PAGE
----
Bobby Abruscato has a fish tale or two. After 50 years of angling, the legendary local fishing guide shares his best tips for reeling in your limit this summer. If you still have no luck, make it simple and schedule a day out on the boat with the A-Team Fishing captain himself. The guy never comes home with an empty cooler.
I learned to fish when I was 6 when my family moved down here from Chicago. We started going to Dauphin Island and fell in love with it. So, actually, my dad and my brothers and I all learned together. We taught ourselves. We spent most of our summer days fishing.
I didn’t know exactly what I wanted to do when I was in school. I started taking people out fishing as a summertime gig and woke up four years after I got out of school and realized I was a full-time fishing guide. I’m still learning. I’ve been fishing for 50 years, and you really do learn something new every day.
I still fish as often as I can! Depending on the weather, five, six, seven days a week. And from May on, it’s wide open!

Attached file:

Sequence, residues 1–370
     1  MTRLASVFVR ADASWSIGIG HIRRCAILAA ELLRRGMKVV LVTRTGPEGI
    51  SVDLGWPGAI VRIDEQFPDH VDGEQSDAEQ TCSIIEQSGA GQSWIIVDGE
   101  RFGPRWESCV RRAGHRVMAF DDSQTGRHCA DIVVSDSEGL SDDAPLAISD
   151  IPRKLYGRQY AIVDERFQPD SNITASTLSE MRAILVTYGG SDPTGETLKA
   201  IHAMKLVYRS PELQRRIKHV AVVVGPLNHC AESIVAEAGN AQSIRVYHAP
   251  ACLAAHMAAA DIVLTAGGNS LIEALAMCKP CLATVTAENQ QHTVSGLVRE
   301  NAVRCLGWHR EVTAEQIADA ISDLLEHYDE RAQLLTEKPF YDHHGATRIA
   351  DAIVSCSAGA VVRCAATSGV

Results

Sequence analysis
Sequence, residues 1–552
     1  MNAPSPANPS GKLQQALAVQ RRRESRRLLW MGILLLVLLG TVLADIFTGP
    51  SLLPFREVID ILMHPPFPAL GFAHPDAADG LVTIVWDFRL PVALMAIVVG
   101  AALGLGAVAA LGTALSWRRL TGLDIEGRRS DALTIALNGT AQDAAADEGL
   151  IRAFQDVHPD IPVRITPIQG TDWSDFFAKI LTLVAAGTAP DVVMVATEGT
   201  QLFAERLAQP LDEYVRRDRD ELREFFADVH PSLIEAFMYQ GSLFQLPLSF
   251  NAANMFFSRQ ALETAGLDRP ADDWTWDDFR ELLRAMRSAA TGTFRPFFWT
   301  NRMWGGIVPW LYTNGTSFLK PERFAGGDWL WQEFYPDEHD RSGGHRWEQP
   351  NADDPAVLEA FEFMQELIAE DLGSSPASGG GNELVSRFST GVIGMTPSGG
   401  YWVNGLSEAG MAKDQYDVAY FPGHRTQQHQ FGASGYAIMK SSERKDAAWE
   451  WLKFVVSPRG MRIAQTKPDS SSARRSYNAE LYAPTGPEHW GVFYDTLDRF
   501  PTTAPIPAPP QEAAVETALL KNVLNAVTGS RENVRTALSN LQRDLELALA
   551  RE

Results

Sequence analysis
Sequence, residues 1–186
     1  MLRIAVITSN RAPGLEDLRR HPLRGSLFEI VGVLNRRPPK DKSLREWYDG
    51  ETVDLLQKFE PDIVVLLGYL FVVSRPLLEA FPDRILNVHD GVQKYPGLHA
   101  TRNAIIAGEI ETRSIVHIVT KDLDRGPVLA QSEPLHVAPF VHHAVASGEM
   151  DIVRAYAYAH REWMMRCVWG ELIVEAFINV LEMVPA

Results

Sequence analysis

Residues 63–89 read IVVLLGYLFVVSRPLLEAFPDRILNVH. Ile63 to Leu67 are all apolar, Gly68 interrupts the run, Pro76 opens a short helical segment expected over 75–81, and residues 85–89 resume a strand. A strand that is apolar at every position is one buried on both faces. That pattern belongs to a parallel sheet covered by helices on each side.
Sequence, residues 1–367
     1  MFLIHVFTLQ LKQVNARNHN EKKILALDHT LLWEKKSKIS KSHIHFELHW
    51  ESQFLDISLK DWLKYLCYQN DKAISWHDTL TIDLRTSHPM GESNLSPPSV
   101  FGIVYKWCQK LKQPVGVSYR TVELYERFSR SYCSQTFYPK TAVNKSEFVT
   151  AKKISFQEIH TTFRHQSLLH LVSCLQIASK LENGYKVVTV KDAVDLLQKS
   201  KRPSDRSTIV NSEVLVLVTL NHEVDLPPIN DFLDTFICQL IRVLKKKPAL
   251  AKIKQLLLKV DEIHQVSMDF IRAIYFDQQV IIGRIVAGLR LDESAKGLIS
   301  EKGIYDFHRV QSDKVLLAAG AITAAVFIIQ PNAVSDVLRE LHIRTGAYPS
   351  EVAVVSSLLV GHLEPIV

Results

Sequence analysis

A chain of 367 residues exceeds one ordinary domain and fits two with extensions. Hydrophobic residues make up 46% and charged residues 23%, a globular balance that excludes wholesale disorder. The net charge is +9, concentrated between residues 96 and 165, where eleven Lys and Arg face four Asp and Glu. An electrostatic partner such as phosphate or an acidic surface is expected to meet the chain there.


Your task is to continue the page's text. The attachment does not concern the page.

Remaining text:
Optimal Fishing Schedule
From about March to October, I’m down at the Island. Then, based on the weather, about the end of October, I move up into the Delta and the rivers. I’m up there through the winter.
June is the best month of the year for everything! The weather is stable, and the fishing is great everywhere. Not only do you have the inshore fishing, which is what I do, but it’s also our only recreational snapper season.
During the summer, the best places to fish are the four “r’s” — rigs, reefs rock piles and wrecks. Any structure in water deeper than 8 feet is a good spot during the summer.
Speckled trout and redfish are the two main species I target. That’s what the majority of my clients want to catch. And we catch other species, like sheepshead and bycatch. Speckled trout has a certain mystique about it. Particularly here in the northern Gulf Coast, it is the inshore game fish.
A perfect day for me would be wade fishing with a group in the morning. That’s where we actually get out of the boat and into the water. Our days start at safe light*. That’s usually about 5:30 a.m. in the summer. Then back in the boat by 8 or 9 a.m., quick break, then (particularly during June) we do a lot of deep-structure fishing (such as gas rigs) through the rest of the day, while the sun is up. This deeper water is about 10 to 14 feet in our area.
*Safe light is the morning time when you can run the boat safely — it’s not pitch black. You don’t want to be running (the boat) to where you want to fish when the sun is really starting to come up. You need to already be fishing.